Thibault III de Blois, comte de Champagne

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Theobald de Blois, Comte de Champagne et Brie

Nicknames: "Thibaut III", "Count of Champagne & Brie"
Birthdate:
Birthplace: Troyes, Aube, Champagne-Ardenne, France
Death: Died in Troyes, Aube, Champagne-Ardenne, France
Immediate Family:

Son of Henri I de Blois 'le Libéral', count of Champagne & Brie and Marie Capet de France, comtesse de Champagne
Husband of Blanche de Navarre, comtesse consort de Champagne
Father of Blanca Champagne and Teobaldo I el Cantautor, rey de Navarra
Brother of Henri 'le Jeune' de Champagne, comte de Champagne; Scholastique de Champagne and Marie de Champagne

Occupation: Conde de Champagne, Count of Champagne from 1197 to his death., Greve i champagne och Brie, Count of Champagne, Comte de Troyes et de Meaux, Conde de Troyes y de Meaux
Managed by: Pam Wilson
Last Updated:

About Theobald de Blois, Comte de Champagne et Brie

Theobald III (French: Thibaut; 13 May 1179 – 24 May 1201) was Count of Champagne from 1197 to his death.

Theobald was the younger son of Henry I of Champagne and Marie, a daughter of Louis VII of France and Eleanor of Aquitaine. He succeeded as Count of Champagne in 1197 upon the death of his older brother Henry II.

Charters were written by him and Philip Augustus in September 1198 to dictate the rights of the Jews of the one vis-à-vis the other and to repay debts by Augustus to the count of Champagne for the employment of his Jews. These laws were reinforced subsequently in charters that were signed between 1198 and 1231.

In 1198, Pope Innocent III called the Fourth Crusade. There was little enthusiasm for the crusade at first, but on November 28, 1199 various nobles of France gathered at Theobald's court for a tournament (in his Ecry-sur-Aisne's castle), including the preacher Fulk of Neuilly. There, they "took the cross," and elected Theobald their leader, but he died the next year and was replaced by Boniface of Montferrat.

Theobald married Blanche of Navarre on July 1, 1199 at Chartres, and was succeeded by his posthumous son by Blanche of Navarre, Theobald IV. She was Theobald's dower thus receiving his seven castles (Epernay, Vertus, Sézanne, Chantemerle, Pont-sur-Seine, Nogent-sur-Seine and Méry-sur-Seine, and all the subsidiaries coming from these castles and castellaries at the Count's death. On May 24, 1201, she was to rule as regent for the following 21 years, during which the succession was contested by Theobald's nieces, Alice and Philippa.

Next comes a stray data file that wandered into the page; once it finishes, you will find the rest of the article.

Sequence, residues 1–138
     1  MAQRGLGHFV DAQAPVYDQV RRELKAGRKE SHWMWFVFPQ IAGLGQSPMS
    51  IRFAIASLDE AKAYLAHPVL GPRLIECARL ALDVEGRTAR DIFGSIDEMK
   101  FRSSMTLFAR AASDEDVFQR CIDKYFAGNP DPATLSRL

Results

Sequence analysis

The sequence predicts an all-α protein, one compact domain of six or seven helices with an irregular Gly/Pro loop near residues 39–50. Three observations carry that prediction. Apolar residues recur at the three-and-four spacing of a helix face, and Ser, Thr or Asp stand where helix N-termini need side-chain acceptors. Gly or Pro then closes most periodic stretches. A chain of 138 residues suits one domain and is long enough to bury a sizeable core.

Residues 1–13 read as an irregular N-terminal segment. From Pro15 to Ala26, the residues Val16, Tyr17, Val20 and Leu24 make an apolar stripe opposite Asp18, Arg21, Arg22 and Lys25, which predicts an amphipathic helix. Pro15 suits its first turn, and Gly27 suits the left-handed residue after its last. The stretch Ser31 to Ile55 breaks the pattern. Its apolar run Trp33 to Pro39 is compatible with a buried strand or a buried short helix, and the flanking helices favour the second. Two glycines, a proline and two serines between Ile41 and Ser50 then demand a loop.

He was buried beside his father at the Church of Saint Stephen, built at Troyes by the latter. On his tomb the inscriptions are:

   Intent upon making amends for the injuries of the Cross and the land of the Crucified
   He paved a way with expenses, an army, a fleet.
   Seeking the terrestrial city, he finds the one celestial;
   While he is obtaining his goal far away, he finds it at home.

-------------------- Theobald III (French: Thibaut; 1179 – 24 May 1201) was Count of Champagne from 1197 to his death.

Theobald was the younger son of Henry I of Champagne and Marie, a daughter of Louis VII of France. He succeeded as Count of Champagne in 1197 upon the death of his older brother Henry II.

Charters were written by him and Philip Augustus in September 1198 to dictate the rights of the Jews of the one vis-à-vis the other and to repay debts by Augustus to the count of Champagne for the employment of his Jews. These laws were reinforced subsequently in charters that were signed between 1198 and 1231.

In 1198, Pope Innocent III called the Fourth Crusade. There was little enthusiasm for the crusade at first, but on November 28, 1199 various nobles of France gathered at Theobald's court for a tournament (in his Ecry-sur-Aisne's castle), including the preacher Fulk of Neuilly. There, they "took the cross," and elected Theobald their leader, but he died the next year and was replaced by Boniface of Montferrat.